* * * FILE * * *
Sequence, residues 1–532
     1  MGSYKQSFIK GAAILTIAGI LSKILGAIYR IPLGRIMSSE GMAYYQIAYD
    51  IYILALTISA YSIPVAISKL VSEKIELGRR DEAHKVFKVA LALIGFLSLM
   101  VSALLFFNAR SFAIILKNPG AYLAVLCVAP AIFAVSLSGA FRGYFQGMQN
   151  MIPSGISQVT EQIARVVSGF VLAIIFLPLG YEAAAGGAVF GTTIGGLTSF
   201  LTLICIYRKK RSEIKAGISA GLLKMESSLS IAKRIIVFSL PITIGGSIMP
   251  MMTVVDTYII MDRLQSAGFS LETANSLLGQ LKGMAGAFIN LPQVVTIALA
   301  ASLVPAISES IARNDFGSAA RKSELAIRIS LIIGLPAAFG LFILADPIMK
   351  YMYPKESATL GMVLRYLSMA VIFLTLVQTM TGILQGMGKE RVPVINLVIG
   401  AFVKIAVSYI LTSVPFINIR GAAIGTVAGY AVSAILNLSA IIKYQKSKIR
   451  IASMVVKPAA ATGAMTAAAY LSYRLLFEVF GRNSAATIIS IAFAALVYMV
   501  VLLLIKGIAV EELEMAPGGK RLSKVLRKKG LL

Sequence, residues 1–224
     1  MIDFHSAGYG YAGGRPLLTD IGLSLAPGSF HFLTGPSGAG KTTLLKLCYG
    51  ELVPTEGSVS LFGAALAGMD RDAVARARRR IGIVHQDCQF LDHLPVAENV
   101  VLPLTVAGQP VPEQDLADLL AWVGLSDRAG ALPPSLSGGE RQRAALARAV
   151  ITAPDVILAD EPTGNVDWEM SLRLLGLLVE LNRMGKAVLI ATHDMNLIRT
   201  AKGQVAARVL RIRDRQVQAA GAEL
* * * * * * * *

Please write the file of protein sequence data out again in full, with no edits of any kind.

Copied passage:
Sequence, residues 1–532
     1  MGSYKQSFIK GAAILTIAGI LSKILGAIYR IPLGRIMSSE GMAYYQIAYD
    51  IYILALTISA YSIPVAISKL VSEKIELGRR DEAHKVFKVA LALIGFLSLM
   101  VSALLFFNAR SFAIILKNPG AYLAVLCVAP AIFAVSLSGA FRGYFQGMQN
   151  MIPSGISQVT EQIARVVSGF VLAIIFLPLG YEAAAGGAVF GTTIGGLTSF
   201  LTLICIYRKK RSEIKAGISA GLLKMESSLS IAKRIIVFSL PITIGGSIMP
   251  MMTVVDTYII MDRLQSAGFS LETANSLLGQ LKGMAGAFIN LPQVVTIALA
   301  ASLVPAISES IARNDFGSAA RKSELAIRIS LIIGLPAAFG LFILADPIMK
   351  YMYPKESATL GMVLRYLSMA VIFLTLVQTM TGILQGMGKE RVPVINLVIG
   401  AFVKIAVSYI LTSVPFINIR GAAIGTVAGY AVSAILNLSA IIKYQKSKIR
   451  IASMVVKPAA ATGAMTAAAY LSYRLLFEVF GRNSAATIIS IAFAALVYMV
   501  VLLLIKGIAV EELEMAPGGK RLSKVLRKKG LL

Sequence, residues 1–224
     1  MIDFHSAGYG YAGGRPLLTD IGLSLAPGSF HFLTGPSGAG KTTLLKLCYG
    51  ELVPTEGSVS LFGAALAGMD RDAVARARRR IGIVHQDCQF LDHLPVAENV
   101  VLPLTVAGQP VPEQDLADLL AWVGLSDRAG ALPPSLSGGE RQRAALARAV
   151  ITAPDVILAD EPTGNVDWEM SLRLLGLLVE LNRMGKAVLI ATHDMNLIRT
   201  AKGQVAARVL RIRDRQVQAA GAEL